A year after U.S. Capitol siege, Biden blasts Trump’s ‘web of lies’

  • Biden speaks in the US Capitol, never says Trump’s name
  • Trump accuses Biden of trying to divide the country
  • Republican Cheney laments Trump’s ‘cult of personality’

WASHINGTON, Jan 6 (Reuters) – President Joe Biden on Thursday accused his predecessor, Donald Trump, of spreading a “web of lies” to undermine American democracy in a speech on the anniversary of the deadly attack on Capitol Hill by Trump supporters. who tried to undo their 2020. electoral defeat.

Speaking in the white-domed building where rioters smashed windows, attacked police, and sent lawmakers fleeing for their lives on January 6, 2021, Biden said Trump’s false claims that the elections were stolen from him through widespread electoral fraud they could disrupt the rule of law. and subvert future elections.

“A former president of the United States of America has created and spread a web of lies about the 2020 elections. He did so because he values ​​power over principle,” Biden said. “He cannot accept that he lost.”

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Biden never spoke the name of his predecessor during the 25-minute speech, then told reporters that he was trying to focus on threats to the US political system rather than Trump himself.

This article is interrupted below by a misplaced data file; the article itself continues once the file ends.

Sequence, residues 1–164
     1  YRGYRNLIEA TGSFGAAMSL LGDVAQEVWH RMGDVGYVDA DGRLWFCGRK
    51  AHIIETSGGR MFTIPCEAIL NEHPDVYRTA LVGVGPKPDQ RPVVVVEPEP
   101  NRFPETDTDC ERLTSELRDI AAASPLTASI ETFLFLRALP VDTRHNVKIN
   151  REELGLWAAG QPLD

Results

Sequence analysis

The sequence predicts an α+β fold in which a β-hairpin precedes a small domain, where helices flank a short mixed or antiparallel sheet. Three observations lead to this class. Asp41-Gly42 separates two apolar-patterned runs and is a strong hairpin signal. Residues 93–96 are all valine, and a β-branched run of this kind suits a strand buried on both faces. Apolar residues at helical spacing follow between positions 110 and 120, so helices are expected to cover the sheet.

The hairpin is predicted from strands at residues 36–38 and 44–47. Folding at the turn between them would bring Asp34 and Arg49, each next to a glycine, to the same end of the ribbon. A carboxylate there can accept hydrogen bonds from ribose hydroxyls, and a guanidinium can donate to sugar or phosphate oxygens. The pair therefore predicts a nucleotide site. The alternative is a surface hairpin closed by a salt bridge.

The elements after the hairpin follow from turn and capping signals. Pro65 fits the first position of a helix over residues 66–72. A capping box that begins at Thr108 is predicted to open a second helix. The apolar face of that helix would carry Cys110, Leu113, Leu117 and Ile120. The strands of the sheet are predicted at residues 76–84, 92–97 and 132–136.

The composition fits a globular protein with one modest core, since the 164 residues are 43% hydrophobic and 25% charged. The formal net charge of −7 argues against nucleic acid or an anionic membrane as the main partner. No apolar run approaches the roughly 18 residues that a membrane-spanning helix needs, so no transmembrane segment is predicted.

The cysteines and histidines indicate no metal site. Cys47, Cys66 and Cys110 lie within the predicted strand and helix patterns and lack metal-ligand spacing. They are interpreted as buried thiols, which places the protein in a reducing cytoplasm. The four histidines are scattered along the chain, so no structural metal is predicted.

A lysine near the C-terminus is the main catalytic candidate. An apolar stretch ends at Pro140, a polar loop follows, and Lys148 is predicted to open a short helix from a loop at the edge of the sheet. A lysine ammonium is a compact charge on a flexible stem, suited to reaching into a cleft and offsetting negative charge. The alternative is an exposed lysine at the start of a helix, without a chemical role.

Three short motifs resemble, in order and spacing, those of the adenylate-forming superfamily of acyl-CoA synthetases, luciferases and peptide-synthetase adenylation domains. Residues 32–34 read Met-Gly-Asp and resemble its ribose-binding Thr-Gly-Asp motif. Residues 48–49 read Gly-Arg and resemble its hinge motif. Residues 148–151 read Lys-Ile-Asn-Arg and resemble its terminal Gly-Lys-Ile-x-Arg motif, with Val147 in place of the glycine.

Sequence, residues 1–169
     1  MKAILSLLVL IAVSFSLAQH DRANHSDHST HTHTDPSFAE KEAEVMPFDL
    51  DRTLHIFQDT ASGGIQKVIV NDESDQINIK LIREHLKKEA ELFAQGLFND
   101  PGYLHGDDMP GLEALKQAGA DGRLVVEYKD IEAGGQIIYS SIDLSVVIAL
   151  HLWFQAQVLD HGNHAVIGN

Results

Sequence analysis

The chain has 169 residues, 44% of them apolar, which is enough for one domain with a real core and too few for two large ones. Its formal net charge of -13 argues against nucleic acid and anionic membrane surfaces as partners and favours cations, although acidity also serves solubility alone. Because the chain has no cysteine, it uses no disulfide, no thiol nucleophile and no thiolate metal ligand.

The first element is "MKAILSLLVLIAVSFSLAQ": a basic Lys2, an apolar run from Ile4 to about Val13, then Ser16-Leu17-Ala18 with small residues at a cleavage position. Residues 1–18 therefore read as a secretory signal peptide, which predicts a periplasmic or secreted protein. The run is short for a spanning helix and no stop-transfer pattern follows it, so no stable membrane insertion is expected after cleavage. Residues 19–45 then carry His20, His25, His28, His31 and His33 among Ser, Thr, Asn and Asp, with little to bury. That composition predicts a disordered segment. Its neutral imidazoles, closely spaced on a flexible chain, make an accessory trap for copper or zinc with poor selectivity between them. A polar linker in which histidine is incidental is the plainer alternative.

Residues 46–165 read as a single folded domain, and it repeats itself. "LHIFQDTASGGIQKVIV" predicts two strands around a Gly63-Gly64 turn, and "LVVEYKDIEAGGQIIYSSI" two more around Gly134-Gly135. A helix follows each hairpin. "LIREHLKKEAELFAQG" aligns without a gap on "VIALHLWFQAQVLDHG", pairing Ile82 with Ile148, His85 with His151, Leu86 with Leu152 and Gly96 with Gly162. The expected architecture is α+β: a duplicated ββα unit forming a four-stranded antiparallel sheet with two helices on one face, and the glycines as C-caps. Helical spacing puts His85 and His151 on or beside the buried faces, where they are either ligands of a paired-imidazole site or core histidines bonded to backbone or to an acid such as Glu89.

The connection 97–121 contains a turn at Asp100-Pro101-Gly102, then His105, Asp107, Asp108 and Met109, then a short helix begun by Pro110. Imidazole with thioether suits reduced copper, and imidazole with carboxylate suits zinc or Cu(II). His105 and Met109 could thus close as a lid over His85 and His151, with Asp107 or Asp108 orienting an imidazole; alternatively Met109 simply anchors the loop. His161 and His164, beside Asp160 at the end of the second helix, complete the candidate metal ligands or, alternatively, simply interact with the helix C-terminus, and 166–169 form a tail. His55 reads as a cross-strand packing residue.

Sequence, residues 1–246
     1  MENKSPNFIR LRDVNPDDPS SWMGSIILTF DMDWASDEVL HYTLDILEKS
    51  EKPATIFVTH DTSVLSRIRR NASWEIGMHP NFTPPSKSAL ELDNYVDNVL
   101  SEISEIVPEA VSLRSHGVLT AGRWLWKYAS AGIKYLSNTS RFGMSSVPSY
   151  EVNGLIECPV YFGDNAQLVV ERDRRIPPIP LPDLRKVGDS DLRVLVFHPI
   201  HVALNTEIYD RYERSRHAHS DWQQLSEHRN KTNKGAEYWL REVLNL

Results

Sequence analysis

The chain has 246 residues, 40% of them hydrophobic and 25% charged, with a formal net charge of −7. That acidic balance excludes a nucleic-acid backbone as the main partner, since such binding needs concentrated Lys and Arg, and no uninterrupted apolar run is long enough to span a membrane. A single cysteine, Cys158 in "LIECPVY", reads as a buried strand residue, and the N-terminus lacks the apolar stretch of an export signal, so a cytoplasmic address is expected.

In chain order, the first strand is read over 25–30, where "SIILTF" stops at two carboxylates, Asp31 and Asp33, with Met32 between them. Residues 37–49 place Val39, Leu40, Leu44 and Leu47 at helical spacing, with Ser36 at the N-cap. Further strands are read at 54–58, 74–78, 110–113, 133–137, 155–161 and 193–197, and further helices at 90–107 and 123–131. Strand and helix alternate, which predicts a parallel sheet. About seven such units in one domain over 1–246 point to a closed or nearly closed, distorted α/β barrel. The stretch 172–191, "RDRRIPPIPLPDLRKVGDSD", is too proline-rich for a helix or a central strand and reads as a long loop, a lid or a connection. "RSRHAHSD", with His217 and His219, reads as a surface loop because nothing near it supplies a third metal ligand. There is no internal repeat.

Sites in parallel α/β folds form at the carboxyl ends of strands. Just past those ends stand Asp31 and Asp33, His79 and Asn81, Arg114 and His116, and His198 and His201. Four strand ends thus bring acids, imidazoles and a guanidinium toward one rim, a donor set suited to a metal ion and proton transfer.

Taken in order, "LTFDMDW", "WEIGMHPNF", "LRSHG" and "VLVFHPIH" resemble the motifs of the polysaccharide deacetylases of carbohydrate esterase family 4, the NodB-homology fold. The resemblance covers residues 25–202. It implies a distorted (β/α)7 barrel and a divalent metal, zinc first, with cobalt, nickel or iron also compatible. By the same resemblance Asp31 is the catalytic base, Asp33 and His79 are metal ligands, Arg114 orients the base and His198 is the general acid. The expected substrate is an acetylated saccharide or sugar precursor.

The tone, including a punch to Trump’s “bruised ego,” was a deviation for Biden, who has focused for most of his first year in office on pursuing his own agenda. Trump issued three statements in the hours after his successor’s statements accusing Biden of trying to divide the country and repeating his false electoral claims.

Trump’s behavior over the past year, like his conduct in office, has broken the rules. Unlike other former US presidents who were denied reelection, Trump has refused to accept the voters’ verdict and has lobbied his fellow Republicans to somehow reverse the results, to no avail.

Their bogus claims have provided cover for statewide Republicans to pass new voting restrictions they say are necessary to combat fraud. Research shows that this type of fraud is extremely rare in American elections.